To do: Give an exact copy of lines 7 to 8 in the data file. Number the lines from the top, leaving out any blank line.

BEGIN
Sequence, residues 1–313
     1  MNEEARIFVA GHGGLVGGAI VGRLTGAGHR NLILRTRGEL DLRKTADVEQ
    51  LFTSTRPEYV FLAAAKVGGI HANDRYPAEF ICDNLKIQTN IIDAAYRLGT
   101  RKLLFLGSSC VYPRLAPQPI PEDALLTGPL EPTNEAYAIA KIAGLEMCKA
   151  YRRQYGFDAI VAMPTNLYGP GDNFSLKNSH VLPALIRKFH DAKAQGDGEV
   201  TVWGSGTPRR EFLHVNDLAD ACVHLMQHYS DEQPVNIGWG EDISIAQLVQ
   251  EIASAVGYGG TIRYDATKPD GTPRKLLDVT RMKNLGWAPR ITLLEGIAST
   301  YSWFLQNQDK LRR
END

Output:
   251  EIASAVGYGG TIRYDATKPD GTPRKLLDVT RMKNLGWAPR ITLLEGIAST
   301  YSWFLQNQDK LRR